AeA, the nation’s largest trade association representing all segments of the high-tech industry, recently released its 10th anniversary Cyberstates report detailing national and state trends in high-tech employment, wages, and other key economic factors. The report, Cyberstates 2007: A Complete State-by-State Overview of the High-Technology Industry, covers all 50 states, the District of Columbia, and Puerto Rico.
The report shows that in 2006, the high-tech industry continued growing, adding nearly 150,000 net jobs for a total of 5.8 million in the United States. This growth is faster than the 87,400 jobs added in 2005. These two years of growth represent an increase of four percent.
The Cyberstates report is not based on survey data or extrapolations, but on U.S. Bureau of Labor Statistics (BLS) data, which is collected from all businesses in the United States as required by law for the state unemployment insurance program. The data on national employment, unemployment, and venture capital investments are for 2006. The national and state wage, payroll, and establishment data are for 2005, as well as state rankings and state employment data, as a result of a nine month lag in the reporting of the data from BLS.
"In the 10 years of publishing this report, we have always used a conservative definition of the high-tech industry," said William T. Archey, President and CEO of AeA. "We probably underestimate the size of the industry to a slight degree. Year after year, we have illustrated how critical the high-tech industry is to the nation and to each and every state as it generates economic growth, innovation, and high paying jobs wherever it develops."
"We are pleased to see the rebounding of the tech industry," said Archey. "This is the second year in a row that tech industry employment has added jobs. Not only do these jobs make critical contributions to the U.S. economy, but they also pay extremely well. The average tech industry wage is 86 percent more than the average U.S. private sector wage. In fact, in 48 cyberstates the average high-tech wage is at least 50 percent more than the average private sector wage, and in 10 cyberstates this differential is over 90 percent."
"While we are encouraged by the pickup in tech employment, we are committed to the long term health of the industry, the economy, and our nation," continued Archey. "We have some serious challenges ahead. Companies of all sizes continue to have problems recruiting highly qualified and educated individuals to work for them, whether those individuals are foreign or domestic. This was reflected in the 2.5 percent unemployment rate for computer scientists and the below 2 percent unemployment rate for engineers in 2006. This problem is twofold: 1) the lack of American kids enrolling in and graduating from math, science, and engineering programs and 2) a U.S. high-skilled visa system that is broken. This April, within two days of the start of taking applications, the U.S. government received 133,000 applications for 65,000 H-1B visas – those visas reserved for high skilled individuals. And this is for jobs starting in October of 2007."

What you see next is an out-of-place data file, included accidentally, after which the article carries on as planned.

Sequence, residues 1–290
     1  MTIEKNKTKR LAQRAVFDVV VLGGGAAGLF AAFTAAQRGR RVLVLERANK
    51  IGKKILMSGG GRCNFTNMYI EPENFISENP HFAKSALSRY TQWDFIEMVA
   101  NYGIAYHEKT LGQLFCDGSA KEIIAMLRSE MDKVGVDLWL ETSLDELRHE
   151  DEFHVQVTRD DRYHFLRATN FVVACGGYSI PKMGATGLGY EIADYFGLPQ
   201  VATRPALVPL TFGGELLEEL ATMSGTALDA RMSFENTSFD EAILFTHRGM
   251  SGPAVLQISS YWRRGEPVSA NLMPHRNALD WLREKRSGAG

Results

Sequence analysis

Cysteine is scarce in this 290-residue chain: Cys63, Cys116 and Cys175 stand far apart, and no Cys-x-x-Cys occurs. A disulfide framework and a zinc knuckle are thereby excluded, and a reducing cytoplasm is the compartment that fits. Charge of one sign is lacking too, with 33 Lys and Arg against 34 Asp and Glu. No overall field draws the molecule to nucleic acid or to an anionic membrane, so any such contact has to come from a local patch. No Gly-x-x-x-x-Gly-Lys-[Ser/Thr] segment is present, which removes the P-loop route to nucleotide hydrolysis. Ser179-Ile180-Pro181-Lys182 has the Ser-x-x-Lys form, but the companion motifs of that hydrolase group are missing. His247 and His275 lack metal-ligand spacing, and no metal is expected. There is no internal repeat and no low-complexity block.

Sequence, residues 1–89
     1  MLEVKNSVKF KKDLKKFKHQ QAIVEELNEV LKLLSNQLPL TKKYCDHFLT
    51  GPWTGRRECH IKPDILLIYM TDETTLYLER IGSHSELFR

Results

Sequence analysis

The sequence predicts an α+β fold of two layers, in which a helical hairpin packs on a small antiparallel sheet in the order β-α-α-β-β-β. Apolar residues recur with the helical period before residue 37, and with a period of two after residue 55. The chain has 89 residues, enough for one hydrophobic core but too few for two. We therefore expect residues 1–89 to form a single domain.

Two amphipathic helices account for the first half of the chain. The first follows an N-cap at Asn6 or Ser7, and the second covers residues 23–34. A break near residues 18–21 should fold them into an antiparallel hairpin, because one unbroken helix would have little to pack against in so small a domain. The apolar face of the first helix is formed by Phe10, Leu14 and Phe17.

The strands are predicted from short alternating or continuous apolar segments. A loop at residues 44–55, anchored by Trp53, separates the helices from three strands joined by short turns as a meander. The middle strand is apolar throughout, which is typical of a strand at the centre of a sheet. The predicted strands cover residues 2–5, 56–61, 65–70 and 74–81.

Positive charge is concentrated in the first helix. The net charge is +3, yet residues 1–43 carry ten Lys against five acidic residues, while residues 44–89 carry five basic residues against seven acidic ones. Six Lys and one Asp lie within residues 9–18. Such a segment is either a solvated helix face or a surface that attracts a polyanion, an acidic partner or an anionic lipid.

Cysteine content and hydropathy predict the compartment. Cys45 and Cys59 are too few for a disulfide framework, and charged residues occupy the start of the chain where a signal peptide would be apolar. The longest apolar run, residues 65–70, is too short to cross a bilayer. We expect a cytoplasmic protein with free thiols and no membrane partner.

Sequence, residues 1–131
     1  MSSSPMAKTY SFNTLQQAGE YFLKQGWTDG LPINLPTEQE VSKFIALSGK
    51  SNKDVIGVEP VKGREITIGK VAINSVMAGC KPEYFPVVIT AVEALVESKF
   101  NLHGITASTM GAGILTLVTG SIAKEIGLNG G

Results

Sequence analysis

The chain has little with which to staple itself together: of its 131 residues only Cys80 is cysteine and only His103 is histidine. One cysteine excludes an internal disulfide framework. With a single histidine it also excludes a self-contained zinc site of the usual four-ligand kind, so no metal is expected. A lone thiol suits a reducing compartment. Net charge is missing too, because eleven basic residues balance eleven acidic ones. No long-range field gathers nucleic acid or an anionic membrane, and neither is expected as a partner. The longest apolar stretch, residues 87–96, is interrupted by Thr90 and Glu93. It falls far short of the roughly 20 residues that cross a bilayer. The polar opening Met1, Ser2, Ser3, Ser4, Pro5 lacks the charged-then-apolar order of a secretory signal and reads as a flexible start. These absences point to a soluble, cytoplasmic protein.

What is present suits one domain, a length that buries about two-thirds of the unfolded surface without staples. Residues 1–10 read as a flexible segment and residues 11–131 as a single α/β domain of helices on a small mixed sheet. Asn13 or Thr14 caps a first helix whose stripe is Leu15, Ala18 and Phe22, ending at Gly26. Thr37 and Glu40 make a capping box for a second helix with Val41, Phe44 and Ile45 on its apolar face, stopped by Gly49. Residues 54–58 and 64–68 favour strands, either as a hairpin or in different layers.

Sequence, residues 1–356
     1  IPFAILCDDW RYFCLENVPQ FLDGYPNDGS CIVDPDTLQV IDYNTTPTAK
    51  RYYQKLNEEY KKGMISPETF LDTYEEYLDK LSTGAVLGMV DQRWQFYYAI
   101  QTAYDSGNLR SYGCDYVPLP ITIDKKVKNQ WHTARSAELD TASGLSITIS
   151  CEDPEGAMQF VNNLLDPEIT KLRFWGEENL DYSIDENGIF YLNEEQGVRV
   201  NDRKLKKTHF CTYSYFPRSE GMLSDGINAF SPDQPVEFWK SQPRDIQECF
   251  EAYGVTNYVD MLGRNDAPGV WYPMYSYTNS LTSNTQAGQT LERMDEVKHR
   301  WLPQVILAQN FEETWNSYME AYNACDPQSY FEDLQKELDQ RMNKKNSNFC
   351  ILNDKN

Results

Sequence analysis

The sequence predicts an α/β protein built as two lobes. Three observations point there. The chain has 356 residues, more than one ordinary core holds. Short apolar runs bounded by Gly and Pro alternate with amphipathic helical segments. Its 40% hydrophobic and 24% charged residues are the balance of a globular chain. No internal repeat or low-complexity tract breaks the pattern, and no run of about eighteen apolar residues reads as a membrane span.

An examination of the sectors reveals that the high-tech manufacturing industry added 5,100 net jobs in 2006. Software services and engineering and tech services employment were up in 2006 for the third year in a row, increasing by 88,500 jobs and 66,300 jobs, respectively. Only the communications services industry continues to struggle, losing 13,300 net jobs in 2006.
On a state-by-state basis, Cyberstates2007 shows that tech employment gains occurred in 40 cyberstates in 2005, the most recent data available. The last year that so many states saw this much tech job growth was in 2000. While itis no surprise that California led the nation in net job creation, Florida saw the second largest gain, adding 10,900 tech jobs in 2005. This is the second year in a row that Florida was among the top five states by tech employment creation.
An examination of the ten leading cyberstates by employment reveals that Florida was also the fastest growing state by rate of growth (+4.1 percent), followed by Virginia (+3.0 percent).
Virginia surpassed Colorado to lead the nation with the highest concentration of tech industry workers as a percent of the private sector workforce (8.9 percent). Until now, Colorado had owned this distinction ever since AeA began publishing the Cyberstates report.